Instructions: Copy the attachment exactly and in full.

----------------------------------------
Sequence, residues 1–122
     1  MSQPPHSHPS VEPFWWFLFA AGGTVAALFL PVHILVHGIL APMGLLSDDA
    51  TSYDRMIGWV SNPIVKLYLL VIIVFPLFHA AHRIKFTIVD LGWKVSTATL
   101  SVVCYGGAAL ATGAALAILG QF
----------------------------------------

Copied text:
Sequence, residues 1–122
     1  MSQPPHSHPS VEPFWWFLFA AGGTVAALFL PVHILVHGIL APMGLLSDDA
    51  TSYDRMIGWV SNPIVKLYLL VIIVFPLFHA AHRIKFTIVD LGWKVSTATL
   101  SVVCYGGAAL ATGAALAILG QF